Donna Nevel is a community psychologist and educator living in the US. She is a coordinating team member (along with Nava EtShalom, Marilyn Kleinberg Neimark, and Rabbi Alissa Wise) of the Facing the Nakba project.
As a Jew living in the US, I know that many, if not most, of us from Jewish communities grew up learning little, if anything, about the Nakba even though we knew so much—we thought—about the establishment of Israel. After being introduced to what actually happened before and during Israel’s creation, that is, the dispossession of 750,000 Palestinians from their land and homes, I understood that this was a history that had remained untold or distorted within Jewish communities.
Several years ago, I joined with a group of Jewish women who were determined to develop educational resources about the Nakba and the consequences of the Nakba to share within our communities. Over the next number of years, we developed the Facing the Nakba (FTN) project, which includes a seven-session curriculum on the Nakba, past and present, accompanied by a facilitator guide. The resources in the curriculum are heavily drawn from testimonies, first-hand accounts, and histories shared by Palestinians. The goal of the project is to encourage US Jews and others to learn the history of the Nakba, past and ongoing, to reckon with that history, and to act accordingly. We also know all too well that Palestinians continue to be expelled from their homes and their land continues to be stolen as the Israeli government amps up its violence against the Palestinian people.
The FTN curriculum draws heavily on the work of Zochrot, (“remembering” in Hebrew), an Israeli organization that aims to educate Israeli Jews and others about the history and ongoing injustices of the Nakba and promote the right of return of the Palestinian refugees. FTN also draws upon the work of BADIL, a human rights organization committed to defending and promoting the rights of Palestinian refugees and internally displaced persons, within the frameworks of international humanitarian and human rights law.
We remain deeply committed to sharing these resources with Jewish communities in the US and across the globe, as well as with anyone who wants to understand the Palestinian call for justice.
Rachel Liebhaber is a lawyer and member of the AJDS committee. Last May, she took part in a delegation to Israel and Palestine with the Centre for Jewish Non-Violence. She co facilitated the facing the Nakba workshops in Melbourne earlier this year with Jordy Silverstein.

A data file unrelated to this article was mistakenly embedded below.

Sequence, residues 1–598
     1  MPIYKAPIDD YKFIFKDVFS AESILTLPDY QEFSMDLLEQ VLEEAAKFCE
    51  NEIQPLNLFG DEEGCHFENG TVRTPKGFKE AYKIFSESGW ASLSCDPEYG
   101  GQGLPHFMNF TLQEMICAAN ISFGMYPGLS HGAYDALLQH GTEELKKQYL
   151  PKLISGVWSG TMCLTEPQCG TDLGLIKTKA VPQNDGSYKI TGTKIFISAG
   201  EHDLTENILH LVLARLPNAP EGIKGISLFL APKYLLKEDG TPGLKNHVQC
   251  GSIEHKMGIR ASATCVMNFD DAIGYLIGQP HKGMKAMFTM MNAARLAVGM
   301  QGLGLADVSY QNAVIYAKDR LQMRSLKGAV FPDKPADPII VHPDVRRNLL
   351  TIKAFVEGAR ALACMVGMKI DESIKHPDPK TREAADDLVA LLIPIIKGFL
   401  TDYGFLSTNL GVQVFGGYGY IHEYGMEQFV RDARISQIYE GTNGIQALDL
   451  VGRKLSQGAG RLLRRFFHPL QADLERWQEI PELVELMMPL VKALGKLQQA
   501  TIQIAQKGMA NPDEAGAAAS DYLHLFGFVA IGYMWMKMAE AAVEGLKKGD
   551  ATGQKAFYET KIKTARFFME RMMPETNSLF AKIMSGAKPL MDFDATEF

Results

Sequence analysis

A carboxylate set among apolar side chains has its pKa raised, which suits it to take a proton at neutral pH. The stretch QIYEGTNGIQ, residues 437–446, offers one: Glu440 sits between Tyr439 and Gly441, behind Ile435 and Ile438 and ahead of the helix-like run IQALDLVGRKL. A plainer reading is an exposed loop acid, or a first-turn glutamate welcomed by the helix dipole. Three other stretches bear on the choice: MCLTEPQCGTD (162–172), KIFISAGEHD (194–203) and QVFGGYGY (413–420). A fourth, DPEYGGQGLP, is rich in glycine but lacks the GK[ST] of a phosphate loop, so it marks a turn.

Growing up, in a Jewish school and Zionist youth group, I hardly heard the term Nakba at all. When I did, it was explained to me that ‘Nakba’ (always contained in inverted commas) means a catastrophe, and is how Palestinians refer to Yom Ha’atzmaut. They might have added something like, ‘can you believe, that is what Palestinians insist on calling the miracle of Jews finally getting their own homeland?’
Today, the word seems to remain something of a taboo in the Jewish Community.
When Jordy and I decided to run a ‘Facing the Nakba’ session earlier this year, our motivation was to try and change the conversation in the Jewish community around Israel and Palestine. To my mind, this requires the important step of understanding what the Nakba actually means for Palestinians. I don’t think one can talk about peace or reconciliation without this understanding.
In our Jewish schools, youth movements and in the broader community, we hear about Israel as a realisation of a longed-for dream, a safe-haven for Jews, a centre for Jewish life. But we don’t hear about what the creation of the state of Israel in 1948 meant for those who were dispossessed from that land. When Australian Jews do talk about Palestine, the conversation often focuses on the post-1967 occupation, without acknowledging the occupation that began with the founding of the state of Israel.
Change starts with the small things, with education and conversations. The ‘Facing the Nakba’ sessions developed by Jewish Voice for Peace (JVP) are excellent for facilitating such conversations and discussions. These draw from the pioneering work of the Israeli organisation Zochrot (‘Remembering’), which published a study guide in 2008 called ‘How do you say Nakba in Hebrew?’ We were grateful that JVP made their sessions available to the public. These are a set of invaluable resources that any educator can use and adapt to their needs.
We were overwhelmed by the interest we had for these sessions, and our initial group came along ready to engage with challenging ideas and material. In one of the sessions, we undertook close readings of a number of source documents including Israel’s Declaration of Independence, the testimony of a Palmach soldier, two poems by Mahmoud Darwish, and the text of the Haganah’s notorious Plan Dalet. Reading these texts alongside each other was both illuminating and harrowing. Another memorable session involved engaging in Palestinian art works in response to the Nakba.
We hope that these sessions were a beginning, and that they will spark further reading, conversations, and ultimately, change. Given the interest we had in these sessions, and the encouraging responses from those who came along, it seems like attitudes in the Jewish community may be shifting. Perhaps the taboo over the Nakba in the Jewish community might be ready to be lifted.
- This article appeared in the AJDS Magazine Just Voices 16: Israel / Palestine 1948